Magic Quadrant for Digital Commerce

Magic Quadrant for Digital Commerce

Investments in digital commerce continue to grow as companies adapt to new business models and sales processes prompted by the COVID-19 pandemic. This research evaluates the viability of 17 digital commerce platform vendors to help application leaders make informed decisions.

Strategic Planning Assumptions

By 2023, prices for B2C digital commerce platforms will be 30% less than in 2019, due to feature commoditization and “headless” implementations.
By 2023, organizations that have operated enterprise marketplaces for more than one year will see at least a 10% increase in digital revenue.
By 2024, 15% of B2B organizations will use digital commerce platforms to support both its customers and sales reps in all sales activities.
By 2024, 10% of digital commerce organizations will use packaged business capabilities to construct their application experiences.
By 2024, subscriptions will contribute to 20% of revenue growth for digital commerce organizations.
By 2024, leading commerce organizations will generate 10% of online revenue from services attached to physical products.

Market Definition/Description

Gartner’s view of the digital commerce market continues to focus on transformational technologies that help organizations deliver great buying experiences for their customers.
Gartner defines the digital commerce platform as the core technology that enables customers to purchase goods and services through an interactive and self-service experience. The platform provides necessary information for customers to make their buying decisions, and uses rules and data to present fully priced orders for payment.
The platform must have out-of-the-box (OOTB) capability or the APIs to support a self-service, interactive commerce experience that includes storefront, product catalog navigation, product pages, shopping cart, check-out, and customer account. The commerce product must support OOTB ability to search for a product, add products to a cart, and fully price an order inclusive of product-level, customer-level and order-level discounts or promotions. The commerce platform must support interoperability with customer data, product data, content and order functionality, either natively, via APIs or both.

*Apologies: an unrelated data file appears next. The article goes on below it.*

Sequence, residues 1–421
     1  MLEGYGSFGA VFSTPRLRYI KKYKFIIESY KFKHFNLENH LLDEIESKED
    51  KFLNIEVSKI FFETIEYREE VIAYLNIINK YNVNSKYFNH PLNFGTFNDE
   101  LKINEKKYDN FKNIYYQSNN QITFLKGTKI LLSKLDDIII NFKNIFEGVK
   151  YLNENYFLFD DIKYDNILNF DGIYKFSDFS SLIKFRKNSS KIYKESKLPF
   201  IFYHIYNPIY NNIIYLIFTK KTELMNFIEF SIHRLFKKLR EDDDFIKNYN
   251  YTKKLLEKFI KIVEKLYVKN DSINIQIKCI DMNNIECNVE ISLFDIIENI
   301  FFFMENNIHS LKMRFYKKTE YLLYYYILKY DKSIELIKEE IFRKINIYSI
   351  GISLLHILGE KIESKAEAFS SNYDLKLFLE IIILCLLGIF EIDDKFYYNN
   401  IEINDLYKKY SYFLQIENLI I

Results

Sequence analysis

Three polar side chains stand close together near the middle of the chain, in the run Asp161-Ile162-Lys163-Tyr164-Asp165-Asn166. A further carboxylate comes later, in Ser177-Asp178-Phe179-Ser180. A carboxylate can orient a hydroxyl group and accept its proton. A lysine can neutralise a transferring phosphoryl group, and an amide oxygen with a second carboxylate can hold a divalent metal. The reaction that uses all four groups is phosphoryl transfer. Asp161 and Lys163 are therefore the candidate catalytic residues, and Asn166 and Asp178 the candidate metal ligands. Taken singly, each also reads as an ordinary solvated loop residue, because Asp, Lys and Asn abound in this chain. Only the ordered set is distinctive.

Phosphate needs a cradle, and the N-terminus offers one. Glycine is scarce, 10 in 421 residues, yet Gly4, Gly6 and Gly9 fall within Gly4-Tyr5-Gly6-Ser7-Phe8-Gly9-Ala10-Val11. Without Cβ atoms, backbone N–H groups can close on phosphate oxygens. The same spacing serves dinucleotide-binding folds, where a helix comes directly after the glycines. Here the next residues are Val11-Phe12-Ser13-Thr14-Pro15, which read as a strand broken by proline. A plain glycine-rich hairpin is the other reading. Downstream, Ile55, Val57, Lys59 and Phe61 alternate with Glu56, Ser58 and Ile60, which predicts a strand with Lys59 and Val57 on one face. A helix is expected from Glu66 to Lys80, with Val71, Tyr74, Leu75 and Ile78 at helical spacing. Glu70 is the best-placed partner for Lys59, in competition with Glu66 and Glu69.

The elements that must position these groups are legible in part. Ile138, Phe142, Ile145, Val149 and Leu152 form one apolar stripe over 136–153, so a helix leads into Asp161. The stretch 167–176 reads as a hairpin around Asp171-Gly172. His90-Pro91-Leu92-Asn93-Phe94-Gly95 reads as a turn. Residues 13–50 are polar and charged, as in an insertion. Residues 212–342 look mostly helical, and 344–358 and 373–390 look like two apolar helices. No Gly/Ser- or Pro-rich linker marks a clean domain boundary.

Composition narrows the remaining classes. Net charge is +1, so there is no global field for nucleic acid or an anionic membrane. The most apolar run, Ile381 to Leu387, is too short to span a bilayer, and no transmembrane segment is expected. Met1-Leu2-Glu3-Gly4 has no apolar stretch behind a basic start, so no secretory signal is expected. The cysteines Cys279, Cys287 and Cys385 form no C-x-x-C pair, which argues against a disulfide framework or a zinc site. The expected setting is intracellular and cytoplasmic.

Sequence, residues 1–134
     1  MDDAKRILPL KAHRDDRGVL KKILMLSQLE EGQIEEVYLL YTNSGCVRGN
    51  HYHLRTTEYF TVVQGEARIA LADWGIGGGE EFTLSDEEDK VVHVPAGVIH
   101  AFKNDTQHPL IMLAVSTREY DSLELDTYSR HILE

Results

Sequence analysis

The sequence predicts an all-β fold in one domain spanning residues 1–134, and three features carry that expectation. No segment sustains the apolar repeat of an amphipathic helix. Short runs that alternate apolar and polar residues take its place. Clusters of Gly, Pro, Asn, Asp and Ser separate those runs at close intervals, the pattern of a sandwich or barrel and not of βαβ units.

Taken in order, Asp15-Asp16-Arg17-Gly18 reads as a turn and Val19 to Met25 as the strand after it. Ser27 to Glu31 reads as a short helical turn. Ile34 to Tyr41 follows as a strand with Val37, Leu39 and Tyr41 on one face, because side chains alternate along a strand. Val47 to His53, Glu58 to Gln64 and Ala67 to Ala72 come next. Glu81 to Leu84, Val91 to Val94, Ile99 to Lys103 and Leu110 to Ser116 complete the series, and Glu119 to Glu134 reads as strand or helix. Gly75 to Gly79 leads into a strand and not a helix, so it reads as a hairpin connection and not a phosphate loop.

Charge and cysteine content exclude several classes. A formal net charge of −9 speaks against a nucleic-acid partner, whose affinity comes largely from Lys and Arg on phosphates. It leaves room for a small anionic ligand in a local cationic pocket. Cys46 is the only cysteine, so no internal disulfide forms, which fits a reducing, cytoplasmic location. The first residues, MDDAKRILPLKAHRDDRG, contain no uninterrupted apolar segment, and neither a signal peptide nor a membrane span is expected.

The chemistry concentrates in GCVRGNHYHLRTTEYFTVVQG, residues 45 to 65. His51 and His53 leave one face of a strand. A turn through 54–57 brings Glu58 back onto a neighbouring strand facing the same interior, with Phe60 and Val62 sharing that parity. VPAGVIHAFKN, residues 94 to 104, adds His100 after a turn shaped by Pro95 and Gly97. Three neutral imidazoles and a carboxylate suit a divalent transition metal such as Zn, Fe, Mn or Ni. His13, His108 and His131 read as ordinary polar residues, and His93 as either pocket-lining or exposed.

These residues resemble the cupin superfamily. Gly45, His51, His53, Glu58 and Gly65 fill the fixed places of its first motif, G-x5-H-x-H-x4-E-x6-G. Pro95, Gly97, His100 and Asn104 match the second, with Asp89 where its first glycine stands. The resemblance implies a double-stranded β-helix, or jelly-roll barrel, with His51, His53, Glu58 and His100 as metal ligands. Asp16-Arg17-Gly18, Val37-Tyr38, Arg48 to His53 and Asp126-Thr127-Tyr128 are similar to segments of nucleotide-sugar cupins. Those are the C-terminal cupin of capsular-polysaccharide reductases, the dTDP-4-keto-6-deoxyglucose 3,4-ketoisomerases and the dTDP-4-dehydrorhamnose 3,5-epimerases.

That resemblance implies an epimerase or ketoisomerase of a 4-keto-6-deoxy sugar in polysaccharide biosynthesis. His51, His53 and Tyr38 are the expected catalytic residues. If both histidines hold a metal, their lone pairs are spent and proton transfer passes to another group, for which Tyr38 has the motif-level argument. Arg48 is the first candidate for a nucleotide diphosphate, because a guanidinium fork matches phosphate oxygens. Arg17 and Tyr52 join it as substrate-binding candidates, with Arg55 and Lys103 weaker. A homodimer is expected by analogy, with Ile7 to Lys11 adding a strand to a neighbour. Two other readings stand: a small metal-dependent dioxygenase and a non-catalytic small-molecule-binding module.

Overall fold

Several vendors covered in this research are evolving to become more modular, API-first solutions. For explanations and definitions of modular commerce, composable commerce and API-based digital commerce

Magic Quadrant

Figure 1: Magic Quadrant for Digital Commerce

Source: Gartner (August 2021)

Magic Quadrant for Digital Commerce, showing 17 vendors plotted across an x-axis (Completeness of Vision) and a y-axis (Ability to Execute).

Vendor Strengths and Cautions


Adobe is a Leader in this Magic Quadrant. Adobe Commerce, previously known as Magento Commerce, can be deployed via Adobe managed services on Amazon Web Services (AWS) or Microsoft Azure, or deployed on-premises. Adobe Commerce has an established presence in all major geographies, and is also well-represented in a wide range of industries. The majority of its clients have annual gross merchandise values (GMVs) of less than $50 million, although it does have clients generating more than $1 billion on the platform. Midsize organizations seeking a robust commerce solution that can be deeply customized should consider Adobe Commerce. Large global organizations using other Adobe products should consider Adobe Commerce due to its ability to better leverage the digital marketing assets and insights of the Adobe suite.

  • Global reach: Adobe has the most diverse geographic presence of all the vendors evaluated in this Magic Quadrant. It also has the largest number of service partners spread across all major markets, making it easier for organizations to find partners in their local markets.
  • OOTB functionality: Adobe has comprehensive OOTB functionality that can fulfill requirements from basic to medium levels of complexity. It supports multiple user roles, multistores, catalog management, marketplace integration, promotions and discounts, language, and currencies, all with good granular control. It has a native content management system (CMS; Page Builder) and Progressive Web Application (PWA) Studio with reference storefront.